Take 5 with Antony Cohen

Antony Cohen

We catch up with KPMG's former Head of Energy & Natural Resources, Antony Cohen.

We catch up with KPMG's former Head of Energy & Natural Resources, Antony Cohen.

Antony Cohen
Last role at KPMG Head of Energy & Natural Resources
Time with KPMG 1981 – 2009
KPMG office Melbourne
Current roles
(as of May 2019)
CFO, Longview
Chairman, AUDiMED Ltd
Non-Executive Director, Unified Healthcare Group
Non-Executive Director, QuickFee
Independent advisor, Wingate Group
Independent advisor, family office

Antony Cohen held multiple leadership positions at KPMG, including Head of Mergers and Acquisitions, Head of Valuations, Head of Industry Restructuring and Privatisation, Head of Energy and Natural Resources and member of the firm’s Australian Board of Directors. Subsequent to KPMG, Antony was CFO and then CEO of the electric vehicle infrastructure provider Better Place Australia and, currently, is CFO of LongView Real Estate, as well as Non-Executive Director or advisor to several public and not-for profit organisations.

Describe your career journey in 3 words:

1. Non-linear (I was the only non-accounting graduate hired by the Firm in 1981 and had what I describe as 7 different roles over my 28 years with the Firm before the diverse roles I have had since)
2. Exciting (I had the opportunity to work on large, complex projects and in multiple countries as well as to lead and build businesses)
3. Challenging (the intellectual and other challenges were very large).

You held multiple senior leadership roles at KPMG. What led you to transition into real estate?

Our experience is that residential real estate investors don’t receive the professional expertise and service that equity investors do from firms such as KPMG. We have set out to change that by building an agency focussed on the needs of real estate investors. To do this we must do the basics well and overlay this with unique offerings (such as offering guaranteed rent and portfolio review services) to meet the unmet needs of real estate investors.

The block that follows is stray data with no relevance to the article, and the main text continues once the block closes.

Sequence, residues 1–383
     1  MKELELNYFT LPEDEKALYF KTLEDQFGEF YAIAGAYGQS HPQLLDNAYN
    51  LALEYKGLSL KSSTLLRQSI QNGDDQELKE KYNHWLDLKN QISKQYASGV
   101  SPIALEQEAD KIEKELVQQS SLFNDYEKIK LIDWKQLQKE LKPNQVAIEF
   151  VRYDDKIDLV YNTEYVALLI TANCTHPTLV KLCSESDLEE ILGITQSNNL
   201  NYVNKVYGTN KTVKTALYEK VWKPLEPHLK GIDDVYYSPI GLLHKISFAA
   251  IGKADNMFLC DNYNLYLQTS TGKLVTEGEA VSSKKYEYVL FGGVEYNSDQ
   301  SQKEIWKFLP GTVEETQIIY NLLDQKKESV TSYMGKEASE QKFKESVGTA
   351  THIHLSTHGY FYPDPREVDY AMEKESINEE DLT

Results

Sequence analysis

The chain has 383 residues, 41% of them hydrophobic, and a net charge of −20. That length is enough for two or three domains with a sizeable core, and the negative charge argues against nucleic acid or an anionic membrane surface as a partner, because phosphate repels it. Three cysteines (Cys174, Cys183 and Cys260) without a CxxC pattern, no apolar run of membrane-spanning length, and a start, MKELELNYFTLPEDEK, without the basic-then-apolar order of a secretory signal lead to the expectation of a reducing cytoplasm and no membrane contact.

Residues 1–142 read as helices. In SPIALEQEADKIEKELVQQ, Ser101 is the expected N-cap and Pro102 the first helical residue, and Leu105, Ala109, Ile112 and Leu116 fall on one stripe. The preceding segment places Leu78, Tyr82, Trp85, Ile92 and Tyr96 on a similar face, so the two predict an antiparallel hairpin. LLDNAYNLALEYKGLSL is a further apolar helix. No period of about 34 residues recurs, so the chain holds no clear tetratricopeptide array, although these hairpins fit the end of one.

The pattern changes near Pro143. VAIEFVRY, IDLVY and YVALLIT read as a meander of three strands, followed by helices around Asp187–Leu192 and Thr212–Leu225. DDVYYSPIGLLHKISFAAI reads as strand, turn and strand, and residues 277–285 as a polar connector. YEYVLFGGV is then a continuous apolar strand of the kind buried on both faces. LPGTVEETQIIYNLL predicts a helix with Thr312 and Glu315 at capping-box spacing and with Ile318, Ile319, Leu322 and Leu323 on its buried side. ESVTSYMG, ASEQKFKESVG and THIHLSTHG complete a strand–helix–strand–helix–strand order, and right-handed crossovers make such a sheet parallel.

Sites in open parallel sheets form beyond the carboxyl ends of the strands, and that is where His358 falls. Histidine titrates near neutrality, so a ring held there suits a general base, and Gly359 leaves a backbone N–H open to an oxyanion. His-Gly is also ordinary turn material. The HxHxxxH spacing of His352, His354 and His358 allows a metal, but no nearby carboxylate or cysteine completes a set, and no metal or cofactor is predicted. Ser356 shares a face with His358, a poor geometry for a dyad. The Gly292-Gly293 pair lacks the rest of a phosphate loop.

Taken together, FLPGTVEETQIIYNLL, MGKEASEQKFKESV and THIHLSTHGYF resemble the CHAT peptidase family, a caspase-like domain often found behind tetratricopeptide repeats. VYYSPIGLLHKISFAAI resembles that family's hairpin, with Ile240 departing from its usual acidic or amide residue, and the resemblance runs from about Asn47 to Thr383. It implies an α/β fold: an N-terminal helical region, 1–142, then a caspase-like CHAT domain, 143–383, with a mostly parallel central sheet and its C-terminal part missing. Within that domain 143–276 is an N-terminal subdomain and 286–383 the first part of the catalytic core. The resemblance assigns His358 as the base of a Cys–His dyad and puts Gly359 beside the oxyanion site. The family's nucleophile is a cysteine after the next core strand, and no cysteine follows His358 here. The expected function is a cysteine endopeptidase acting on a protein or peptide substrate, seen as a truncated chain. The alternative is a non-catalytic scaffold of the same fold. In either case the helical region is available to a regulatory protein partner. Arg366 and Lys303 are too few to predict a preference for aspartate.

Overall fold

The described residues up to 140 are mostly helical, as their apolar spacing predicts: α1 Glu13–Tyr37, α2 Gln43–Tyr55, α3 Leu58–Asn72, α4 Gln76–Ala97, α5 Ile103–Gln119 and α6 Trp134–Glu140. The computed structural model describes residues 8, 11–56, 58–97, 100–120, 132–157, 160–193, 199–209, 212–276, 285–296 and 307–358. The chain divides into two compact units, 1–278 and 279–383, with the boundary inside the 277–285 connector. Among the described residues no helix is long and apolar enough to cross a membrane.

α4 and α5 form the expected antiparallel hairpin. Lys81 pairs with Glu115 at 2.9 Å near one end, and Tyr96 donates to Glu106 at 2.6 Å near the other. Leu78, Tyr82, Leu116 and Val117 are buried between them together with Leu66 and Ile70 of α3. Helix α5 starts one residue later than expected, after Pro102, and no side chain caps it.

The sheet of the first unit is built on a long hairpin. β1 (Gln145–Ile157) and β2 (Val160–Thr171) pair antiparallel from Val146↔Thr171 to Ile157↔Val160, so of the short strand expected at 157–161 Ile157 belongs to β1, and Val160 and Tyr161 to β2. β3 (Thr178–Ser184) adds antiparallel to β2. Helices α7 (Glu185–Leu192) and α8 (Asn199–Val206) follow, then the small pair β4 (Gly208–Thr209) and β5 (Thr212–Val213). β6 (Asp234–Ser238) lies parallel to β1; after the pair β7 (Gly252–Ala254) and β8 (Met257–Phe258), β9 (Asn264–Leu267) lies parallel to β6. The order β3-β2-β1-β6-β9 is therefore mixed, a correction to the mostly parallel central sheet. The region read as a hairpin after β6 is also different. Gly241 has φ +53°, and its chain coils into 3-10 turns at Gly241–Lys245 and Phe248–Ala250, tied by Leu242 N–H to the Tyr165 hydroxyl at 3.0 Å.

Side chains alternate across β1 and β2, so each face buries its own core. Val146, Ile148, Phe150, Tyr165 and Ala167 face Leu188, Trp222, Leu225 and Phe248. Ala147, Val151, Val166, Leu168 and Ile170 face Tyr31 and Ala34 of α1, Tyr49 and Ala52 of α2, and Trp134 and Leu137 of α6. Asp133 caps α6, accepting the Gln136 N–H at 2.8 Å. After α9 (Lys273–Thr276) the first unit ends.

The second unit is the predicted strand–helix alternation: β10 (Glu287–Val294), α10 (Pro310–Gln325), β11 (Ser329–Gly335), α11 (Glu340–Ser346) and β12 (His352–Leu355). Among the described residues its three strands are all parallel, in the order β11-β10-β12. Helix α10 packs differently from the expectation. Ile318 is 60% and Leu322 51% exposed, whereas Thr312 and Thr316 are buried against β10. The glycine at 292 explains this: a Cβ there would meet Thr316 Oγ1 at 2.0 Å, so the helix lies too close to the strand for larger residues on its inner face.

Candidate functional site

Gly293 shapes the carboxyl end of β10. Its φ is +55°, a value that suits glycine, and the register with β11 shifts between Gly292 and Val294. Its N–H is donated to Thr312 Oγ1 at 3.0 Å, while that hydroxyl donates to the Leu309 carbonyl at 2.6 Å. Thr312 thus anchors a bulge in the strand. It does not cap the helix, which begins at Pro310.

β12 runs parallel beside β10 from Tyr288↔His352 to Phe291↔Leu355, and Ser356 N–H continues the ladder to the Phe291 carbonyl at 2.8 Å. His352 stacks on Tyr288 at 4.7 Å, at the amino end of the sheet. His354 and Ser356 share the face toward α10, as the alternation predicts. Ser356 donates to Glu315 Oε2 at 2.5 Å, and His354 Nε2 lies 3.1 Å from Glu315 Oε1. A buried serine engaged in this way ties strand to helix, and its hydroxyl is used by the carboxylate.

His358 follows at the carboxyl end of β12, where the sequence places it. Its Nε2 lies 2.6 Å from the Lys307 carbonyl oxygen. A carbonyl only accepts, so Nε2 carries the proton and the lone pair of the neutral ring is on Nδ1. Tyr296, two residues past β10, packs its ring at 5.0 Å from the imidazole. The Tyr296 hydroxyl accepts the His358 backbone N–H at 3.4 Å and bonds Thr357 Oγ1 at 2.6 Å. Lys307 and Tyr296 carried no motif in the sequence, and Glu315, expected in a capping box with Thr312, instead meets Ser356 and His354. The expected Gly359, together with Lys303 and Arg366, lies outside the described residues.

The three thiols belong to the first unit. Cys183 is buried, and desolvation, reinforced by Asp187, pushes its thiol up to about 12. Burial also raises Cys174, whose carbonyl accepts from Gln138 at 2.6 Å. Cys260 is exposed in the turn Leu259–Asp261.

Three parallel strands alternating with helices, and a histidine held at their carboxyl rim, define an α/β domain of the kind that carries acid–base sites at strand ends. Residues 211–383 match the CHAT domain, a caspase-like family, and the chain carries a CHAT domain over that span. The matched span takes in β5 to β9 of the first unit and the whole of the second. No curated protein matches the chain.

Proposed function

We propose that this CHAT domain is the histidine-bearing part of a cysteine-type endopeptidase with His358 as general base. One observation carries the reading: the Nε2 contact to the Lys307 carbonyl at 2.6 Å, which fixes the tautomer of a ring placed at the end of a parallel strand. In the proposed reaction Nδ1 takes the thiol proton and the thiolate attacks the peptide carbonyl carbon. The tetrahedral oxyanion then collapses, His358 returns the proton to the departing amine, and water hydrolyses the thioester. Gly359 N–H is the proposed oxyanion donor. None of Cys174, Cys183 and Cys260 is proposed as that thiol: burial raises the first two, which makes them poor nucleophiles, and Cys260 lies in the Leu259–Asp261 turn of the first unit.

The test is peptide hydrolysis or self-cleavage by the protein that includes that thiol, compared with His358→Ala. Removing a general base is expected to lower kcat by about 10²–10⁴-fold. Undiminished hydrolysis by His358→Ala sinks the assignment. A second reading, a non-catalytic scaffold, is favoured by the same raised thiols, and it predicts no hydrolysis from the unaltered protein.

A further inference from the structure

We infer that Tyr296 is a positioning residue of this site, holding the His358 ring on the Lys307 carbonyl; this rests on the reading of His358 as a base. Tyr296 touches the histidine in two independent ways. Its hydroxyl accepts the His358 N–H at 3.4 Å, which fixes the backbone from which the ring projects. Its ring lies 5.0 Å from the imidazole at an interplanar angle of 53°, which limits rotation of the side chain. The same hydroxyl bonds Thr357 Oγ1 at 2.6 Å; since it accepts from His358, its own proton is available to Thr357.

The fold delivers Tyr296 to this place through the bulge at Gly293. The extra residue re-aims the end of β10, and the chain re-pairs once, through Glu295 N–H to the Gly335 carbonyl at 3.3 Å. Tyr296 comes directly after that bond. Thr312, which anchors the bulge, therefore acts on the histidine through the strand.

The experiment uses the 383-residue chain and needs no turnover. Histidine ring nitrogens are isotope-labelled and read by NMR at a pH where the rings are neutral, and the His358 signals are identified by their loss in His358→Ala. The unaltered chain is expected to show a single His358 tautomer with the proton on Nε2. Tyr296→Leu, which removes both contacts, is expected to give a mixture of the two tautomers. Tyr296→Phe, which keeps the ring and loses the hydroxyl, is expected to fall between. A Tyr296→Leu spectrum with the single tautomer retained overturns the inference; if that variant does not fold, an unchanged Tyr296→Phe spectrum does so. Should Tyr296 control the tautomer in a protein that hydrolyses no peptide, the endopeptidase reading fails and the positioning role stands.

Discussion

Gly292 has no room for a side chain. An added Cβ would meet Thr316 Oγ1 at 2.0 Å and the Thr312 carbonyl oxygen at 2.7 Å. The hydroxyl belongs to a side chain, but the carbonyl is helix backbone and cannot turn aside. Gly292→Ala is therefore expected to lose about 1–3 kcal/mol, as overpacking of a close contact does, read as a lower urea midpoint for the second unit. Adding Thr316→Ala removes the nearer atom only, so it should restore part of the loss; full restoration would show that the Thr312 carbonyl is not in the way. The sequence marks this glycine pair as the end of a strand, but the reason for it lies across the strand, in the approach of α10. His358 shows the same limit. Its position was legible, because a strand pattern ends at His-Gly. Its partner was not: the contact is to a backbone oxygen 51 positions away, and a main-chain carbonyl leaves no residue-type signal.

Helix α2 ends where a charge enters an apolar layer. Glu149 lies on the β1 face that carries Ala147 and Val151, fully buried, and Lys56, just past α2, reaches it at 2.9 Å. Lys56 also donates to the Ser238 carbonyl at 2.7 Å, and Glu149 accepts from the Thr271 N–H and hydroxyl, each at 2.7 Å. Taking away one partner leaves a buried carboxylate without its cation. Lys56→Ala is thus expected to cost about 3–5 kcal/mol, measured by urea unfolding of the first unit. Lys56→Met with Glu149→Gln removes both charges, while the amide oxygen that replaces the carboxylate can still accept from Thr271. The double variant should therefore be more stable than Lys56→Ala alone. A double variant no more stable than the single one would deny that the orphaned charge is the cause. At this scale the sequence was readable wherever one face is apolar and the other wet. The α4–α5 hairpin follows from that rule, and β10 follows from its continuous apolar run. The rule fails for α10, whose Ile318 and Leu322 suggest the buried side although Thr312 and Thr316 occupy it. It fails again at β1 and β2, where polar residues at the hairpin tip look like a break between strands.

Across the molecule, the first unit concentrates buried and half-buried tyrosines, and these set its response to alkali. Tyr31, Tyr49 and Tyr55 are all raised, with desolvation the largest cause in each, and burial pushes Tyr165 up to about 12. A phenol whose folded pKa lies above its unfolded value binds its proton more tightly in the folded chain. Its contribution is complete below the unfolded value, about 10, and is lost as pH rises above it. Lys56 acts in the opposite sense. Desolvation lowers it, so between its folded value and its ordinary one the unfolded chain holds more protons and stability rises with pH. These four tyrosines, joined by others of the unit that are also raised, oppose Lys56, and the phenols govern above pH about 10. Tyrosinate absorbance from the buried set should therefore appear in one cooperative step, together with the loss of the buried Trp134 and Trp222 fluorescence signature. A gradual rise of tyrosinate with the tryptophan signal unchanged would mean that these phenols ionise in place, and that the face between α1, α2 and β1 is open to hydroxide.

Do you have any advice for our readers who may be thinking of switching career?
Be Bold. The reaction of colleagues when I left the Firm to be CFO of Better Place was almost identical to that when I took a year’s sabbatical in 1989 – Half said “I wish I had the guts to do that” the other half asked “How can you do that in the middle of your career?”.

Are there any obstacles or challenges you’ve faced in your career, which have helped you get to where you are today?

Dealing with complex personalities teaches one that a range of tactical approaches are necessary for success.

Of all your accomplishments so far, what makes you proudest?

The work the team I lead did to restructure the Victorian energy industry (now often wrongly maligned) was a very important structural reform for the Victorian and Australian economy. It was also a great example of a large cross functional team working very well. (Unfortunately our Political leaders have failed dismally to ensure that the markets evolve to deal with the different problems we face today as opposed to those we were solving over 20 years ago.)

What was one of the most valuable things you learnt during your time at KPMG?

Always challenge the status quo.

If you had an extra 10 hours a week, what would you do?

Spend more time with the family and on my bike (and maybe clear some things off the to-do list). My wife says clean up the study.

Name three people you admire and why?

1. Michael Ullmer and the late John Anderson were very important mentors for my career at KPMG.
2. Alan Stockdale was an incredibly engaged, supportive and focussed Treasurer of Victoria throughout the six years of our energy reform program. The success of the program owes a great deal to him.
3. Jim Stynes leadership at the Melbourne Football Club and in the Community was truly inspirational. (Go Dees!)

What’s the best career advice you can offer?

Work is a big part of life not something apart from it. Work with people you like and trust. Enjoy it.

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